We’re at a dessert cafe in Cabramatta that sells all the things you’d expect from a business called What the Fudge: deep-fried Mars Bar ice-creams, Oreo brownie sundaes and waffles covered in everything. Except, no one is eating any of those dishes. The tables are instead cluttered with enormous bowls of vermicelli-noodle soups, some with fresh tomato and minced crab, others with remarkably clear broths, hunks of pork ribs and sour bamboo shoots.

We’re here because we’ve heard they’re some of the best northern-Vietnamese noodles in Sydney.

Vu Le and Thuy Linh Do bought the dessert cafe last year. They’d never worked in hospitality and wanted to try something new. “Linh’s parents run restaurants in Hanoi, and she's always dreamt of having her own business. But we had no experience, it was a bit scary,” Le says.

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It didn’t work – once summer ended no one was interested in deep-fried ice-cream or Nutella peanut butter waffles. “We knew Linh was a good cook at home … so many businesses closed within a year and we didn't want to be one. We started the next day [with a new menu].”

They prepared three dishes: a dried pho, a mushroom-based soup with shredded omelette and a sour pork noodle soup, and put a sign up. They sold just 10 soups on the first day but within a few months they’d turned the empty dining room into one of Cabramatta’s most-talked about restaurants.

Most of Sydney Vietnamese restaurants, and almost all the restaurants in Cabramatta, serve food from the south. So What the Fudge’s northern tilt sets it apart.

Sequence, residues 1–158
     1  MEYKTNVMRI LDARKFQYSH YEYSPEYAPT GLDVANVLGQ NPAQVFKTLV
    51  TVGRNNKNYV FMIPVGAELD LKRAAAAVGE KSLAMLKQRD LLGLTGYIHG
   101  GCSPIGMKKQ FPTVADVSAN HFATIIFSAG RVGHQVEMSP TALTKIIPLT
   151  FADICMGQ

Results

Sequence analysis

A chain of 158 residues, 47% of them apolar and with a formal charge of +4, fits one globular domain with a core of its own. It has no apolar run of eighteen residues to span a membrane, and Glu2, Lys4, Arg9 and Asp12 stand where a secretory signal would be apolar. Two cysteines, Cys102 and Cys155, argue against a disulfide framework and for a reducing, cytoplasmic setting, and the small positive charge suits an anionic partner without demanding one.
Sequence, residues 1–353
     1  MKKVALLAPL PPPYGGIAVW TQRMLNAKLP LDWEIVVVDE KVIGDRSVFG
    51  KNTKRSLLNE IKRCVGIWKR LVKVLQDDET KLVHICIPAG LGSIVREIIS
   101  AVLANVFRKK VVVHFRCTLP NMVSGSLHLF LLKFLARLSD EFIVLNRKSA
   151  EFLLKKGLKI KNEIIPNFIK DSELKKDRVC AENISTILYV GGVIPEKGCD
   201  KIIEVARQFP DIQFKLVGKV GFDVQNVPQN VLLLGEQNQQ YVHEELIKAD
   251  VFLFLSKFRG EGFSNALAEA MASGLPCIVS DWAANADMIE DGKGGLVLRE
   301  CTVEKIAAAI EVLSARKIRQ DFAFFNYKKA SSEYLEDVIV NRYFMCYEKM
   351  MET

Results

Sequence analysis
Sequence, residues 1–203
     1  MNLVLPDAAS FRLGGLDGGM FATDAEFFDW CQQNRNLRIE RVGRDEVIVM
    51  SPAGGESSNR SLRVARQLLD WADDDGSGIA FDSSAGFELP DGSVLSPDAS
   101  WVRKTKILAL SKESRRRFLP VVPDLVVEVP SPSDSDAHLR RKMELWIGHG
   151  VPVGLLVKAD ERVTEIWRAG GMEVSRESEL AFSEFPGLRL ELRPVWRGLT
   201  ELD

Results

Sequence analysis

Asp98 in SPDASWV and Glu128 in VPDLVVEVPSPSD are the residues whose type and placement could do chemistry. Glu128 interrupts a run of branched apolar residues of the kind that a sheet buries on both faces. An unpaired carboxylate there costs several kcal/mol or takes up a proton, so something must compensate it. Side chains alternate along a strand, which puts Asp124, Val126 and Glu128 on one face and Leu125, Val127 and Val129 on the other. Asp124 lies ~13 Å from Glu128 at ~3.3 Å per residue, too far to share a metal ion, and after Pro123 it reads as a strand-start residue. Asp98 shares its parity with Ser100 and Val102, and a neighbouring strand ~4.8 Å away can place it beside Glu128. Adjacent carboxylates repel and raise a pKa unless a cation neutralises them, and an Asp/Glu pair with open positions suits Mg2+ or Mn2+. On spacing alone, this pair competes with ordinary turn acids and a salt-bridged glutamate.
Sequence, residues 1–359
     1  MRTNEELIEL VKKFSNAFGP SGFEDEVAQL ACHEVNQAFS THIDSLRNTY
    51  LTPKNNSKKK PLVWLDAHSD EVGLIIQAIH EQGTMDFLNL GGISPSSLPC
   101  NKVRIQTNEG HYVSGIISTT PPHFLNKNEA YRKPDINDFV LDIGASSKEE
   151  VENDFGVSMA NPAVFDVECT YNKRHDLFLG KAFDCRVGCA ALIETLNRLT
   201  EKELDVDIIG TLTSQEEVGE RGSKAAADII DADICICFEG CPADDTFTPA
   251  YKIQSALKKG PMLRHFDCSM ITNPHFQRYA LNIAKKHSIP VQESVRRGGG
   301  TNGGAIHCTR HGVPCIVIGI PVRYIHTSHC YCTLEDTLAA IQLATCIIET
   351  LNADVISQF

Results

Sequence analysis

North Vietnam is cold, and the spices, tropical fruits and chillies found in the south aren’t readily available there. While many southern dishes are sweet, herbal, bitter, sour, spicy, or a mix of all of the above, dishes from the north are simpler and often based around a single ingredient.

Pho is a great example. In the north they eat a clear-broth soup that’s less sweet and less herbal, and it’s served without sauces and oils – it’s just a beef-bone broth with green onions and either sliced chicken or rare beef on top. That’s exactly how they do it here.

Do’s food is basic and she’s proud of it. Her signatures are bún ốc (a sour roast-snail soup) and bún riêu (a clear, tart soup with minced crab, fresh tomato and fried tofu). Sydneysiders accustomed to southern-Vietnamese food often think it’s too basic; they ask Kee where the herbs are and comment on how clear the soup is.

If you’re looking for something punchier, forget the soups and try the bún nem cua biển, sticky and immensely savoury grilled pork and crab spring rolls, or the north’s most famous dish: bún đậu mắm tôm, a fermented shrimp-paste soup with vermicelli and tofu. You’ll know it from the odour. It’s salty and gut-wrenchingly fishy.

Or you can get a deep-fried Golden Gaytime.

What the Fudge
1/100 John Street, Cabramatta
(02) 8747 5370

Mon to Sat 9am–9pm


This is another edition of Broadsheet’s “Local Knowledge” weekly series, where Nick Jordan explores the eateries at the heart of Sydney’s different cultural communities. Read more here.